<< I think the answer is that for a DIT-like feel, the ideal setting would be the number of tasks added yesterday. >>

I'm tempted to have a go!
February 3, 2014 at 18:44 | Registered CommenterMark Forster
I'm tempted, too. But I think a slightly better answer would be the number of tasks in the system divided by the number of days in the system. Of course this requires a calculation every morning. I have a feeling nuntym's suggestion would work well even if we simply continued to use the number of lines per page, e.g., 32, which would remove the need for a daily calculation. The only real downside is that the system will not deal effectively with urgency. But then, this is at least a potential weakness in the existing random system as well, albeit not as much of a weakness.
February 3, 2014 at 20:36 | Unregistered CommenterAustin

I think there is another downside to 32 numbers, which is that it may not succeed in clearing all the early tasks as quickly as we would like. This is because it takes a lot of throws (120+) to clear every number between 1 and 32.

Perhaps someone would like to try?
February 3, 2014 at 21:57 | Registered CommenterMark Forster
I have been using the number 14. Roughly based on the idea of using 2/3 if the page length, mine is 27. I recently went from paper to electronic using omni focus with projects called day 1, 2 etc.
February 4, 2014 at 4:41 | Unregistered CommenterErin

How's it working out for you?
February 4, 2014 at 9:16 | Registered CommenterMark Forster
Here's one idea. Generate a random number between 1 and 25. A result between 20 and 25 means do the first task on the list. A result between 1 and 20 selects a task from the first 20 unactioned tasks on the list besides the oldest. This would be simple to implement electronically.
February 4, 2014 at 17:44 | Unregistered CommenterAustin
Or to handle urgency a bit better:

Generate a random number between 1 and 25. 20-25 means do the first task on the list. 1-20 means move forward by that many tasks from your last task that was selected in this manner. Do not count completed tasks or the oldest task in your 1-20 cycling.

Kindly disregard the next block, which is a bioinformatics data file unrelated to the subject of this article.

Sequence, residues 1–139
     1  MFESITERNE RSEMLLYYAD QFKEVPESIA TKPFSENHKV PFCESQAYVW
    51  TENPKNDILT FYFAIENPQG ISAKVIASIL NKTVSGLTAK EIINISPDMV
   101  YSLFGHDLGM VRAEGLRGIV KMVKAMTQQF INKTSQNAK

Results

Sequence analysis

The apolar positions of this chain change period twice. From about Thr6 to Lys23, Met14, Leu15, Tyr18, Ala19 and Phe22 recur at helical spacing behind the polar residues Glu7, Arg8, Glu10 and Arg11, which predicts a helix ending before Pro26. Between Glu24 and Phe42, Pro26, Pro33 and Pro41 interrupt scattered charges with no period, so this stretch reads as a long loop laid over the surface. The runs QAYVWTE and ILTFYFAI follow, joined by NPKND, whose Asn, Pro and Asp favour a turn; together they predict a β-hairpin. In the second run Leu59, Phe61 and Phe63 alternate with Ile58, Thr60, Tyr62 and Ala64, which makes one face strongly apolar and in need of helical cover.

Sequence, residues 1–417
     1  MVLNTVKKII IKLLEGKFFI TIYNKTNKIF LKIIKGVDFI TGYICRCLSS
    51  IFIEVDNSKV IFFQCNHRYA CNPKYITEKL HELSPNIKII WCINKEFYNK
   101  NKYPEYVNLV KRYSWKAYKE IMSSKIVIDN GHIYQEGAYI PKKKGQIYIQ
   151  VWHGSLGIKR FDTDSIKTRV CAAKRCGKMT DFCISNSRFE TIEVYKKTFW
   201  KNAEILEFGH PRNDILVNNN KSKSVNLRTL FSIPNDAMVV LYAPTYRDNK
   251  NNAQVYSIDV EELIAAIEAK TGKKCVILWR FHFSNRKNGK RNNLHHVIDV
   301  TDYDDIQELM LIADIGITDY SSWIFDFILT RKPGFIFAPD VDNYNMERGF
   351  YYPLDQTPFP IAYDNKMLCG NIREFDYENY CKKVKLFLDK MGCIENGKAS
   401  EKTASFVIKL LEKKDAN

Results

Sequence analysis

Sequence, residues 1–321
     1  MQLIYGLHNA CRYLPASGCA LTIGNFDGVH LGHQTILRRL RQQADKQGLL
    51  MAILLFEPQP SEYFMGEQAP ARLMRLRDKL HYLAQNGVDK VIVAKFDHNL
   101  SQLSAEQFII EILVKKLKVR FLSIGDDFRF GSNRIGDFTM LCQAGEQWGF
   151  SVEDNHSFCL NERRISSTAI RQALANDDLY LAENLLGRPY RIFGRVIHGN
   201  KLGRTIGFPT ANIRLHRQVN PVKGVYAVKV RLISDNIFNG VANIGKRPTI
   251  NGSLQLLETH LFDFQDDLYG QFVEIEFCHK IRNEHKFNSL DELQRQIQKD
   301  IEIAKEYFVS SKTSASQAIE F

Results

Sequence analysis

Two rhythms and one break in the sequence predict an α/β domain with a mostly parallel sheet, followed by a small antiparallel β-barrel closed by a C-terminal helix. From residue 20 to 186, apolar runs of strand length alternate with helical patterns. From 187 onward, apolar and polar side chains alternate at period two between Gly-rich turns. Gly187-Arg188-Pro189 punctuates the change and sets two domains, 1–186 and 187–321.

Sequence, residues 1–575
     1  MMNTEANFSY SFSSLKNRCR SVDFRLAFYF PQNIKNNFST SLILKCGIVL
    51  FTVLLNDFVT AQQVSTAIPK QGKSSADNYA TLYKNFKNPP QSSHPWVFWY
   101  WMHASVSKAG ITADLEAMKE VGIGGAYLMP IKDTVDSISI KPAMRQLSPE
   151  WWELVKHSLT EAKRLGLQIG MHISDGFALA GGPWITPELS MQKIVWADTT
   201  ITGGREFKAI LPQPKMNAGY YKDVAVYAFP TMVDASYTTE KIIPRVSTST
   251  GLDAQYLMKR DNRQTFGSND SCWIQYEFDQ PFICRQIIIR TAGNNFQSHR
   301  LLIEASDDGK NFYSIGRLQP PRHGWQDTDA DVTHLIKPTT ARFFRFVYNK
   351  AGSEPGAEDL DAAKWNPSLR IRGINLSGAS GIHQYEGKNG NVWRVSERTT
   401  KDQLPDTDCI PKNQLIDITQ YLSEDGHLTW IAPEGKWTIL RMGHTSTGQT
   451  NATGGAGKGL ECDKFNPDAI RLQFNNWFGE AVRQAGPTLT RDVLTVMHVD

February 4, 2014 at 17:51 | Unregistered CommenterAustin
You can still use 32 to cycle and achieve a 1/5 rate of first task selection (as above) by using 40 as your number. 1-32 means cycle by that many, as usual. 33-40 means do the first task.
February 4, 2014 at 17:54 | Unregistered CommenterAustin
<<How's it working out for you?>>

It is working well with the randomizer set at 14 and OmniFocus for the digital version.
Right now I have three "pages", called projects, in OmniFocus, with 27, 24, 25 total tasks per page.

I went digital on Feb 1, out of town Feb 2, worked on list Feb 3. What is left is 9, 11 and 19 on respective pages. The system is working well for me and I am at least touching things I would normally be letting go. Thank you.
February 4, 2014 at 20:16 | Unregistered CommenterErin
I posted a long comment here, but it was so long I decided to move it to the Discussion Forum instead:
February 4, 2014 at 20:26 | Registered CommenterSeraphim
Hi, could someone please clarify the process to deal with tasks which (for whatever valid reason) cannot be attempted at the moment they are chosen?

Mark suggested crossing them out and rewriting them at the end of the list, which is clear. But what happens then? Do you just continue to the next task on the list and use that instead, or generate a new random number and start counting from the next task?

February 4, 2014 at 21:17 | Unregistered CommenterTony
I count crossing it off and rewriting at the end as "taking action". After that, I roll the dice and choose another task.
February 4, 2014 at 23:35 | Registered CommenterSeraphim
Hi Tony and Seraphim
If I can't do it at that moment or it's too late to start it (>one hour), I leave it where it is and count it as a slide as if it was crossed out. That way the list doesn't unnecessarily grow. My list is daily which is fed from the calendar and weekly list.
February 5, 2014 at 0:01 | Unregistered Commenterlearning as I go
Thank you Seraphim and learning as I go, for your replies. It's interesting that you each use a different approach. I think I'll try them both and see which I prefer.
February 5, 2014 at 21:11 | Unregistered CommenterTony
Hi Tony
You'd probably do better to follow Seraphim's advice. I'm a really hard case so I need to batten down the hatches to greatly reduce my escape options. When I'm dreading work, I treat myself like a cattle being prodded down the shoot for slaughter. It sounds exaggerated but that's what dread sometimes feels like in my head. The randomization does wonders to reduce resistance and the dread. Mark has several great work arounds but the randomization method really does the job when I need the assistance.

I hope it helps you. Some of the folks say that their resistance actually disappears. I'm not that lucky but it sure doesn't reduce it enough to help me get my day's list done most days.
February 5, 2014 at 23:01 | Unregistered Commenterlearning as I go
I haven't used the randomising approach but I was curious about where it leaves that feeling of being "ready" to do something, or knowing that the time is ripe, rather than doing nothing about something?

It seems to me the dice allows all options to be emotionally neutral so that none is any more meaningful than another. I wondered if the downside was that it cancels sensitivity to right-timing?
February 7, 2014 at 9:28 | Unregistered Commentermichael
Hi Michael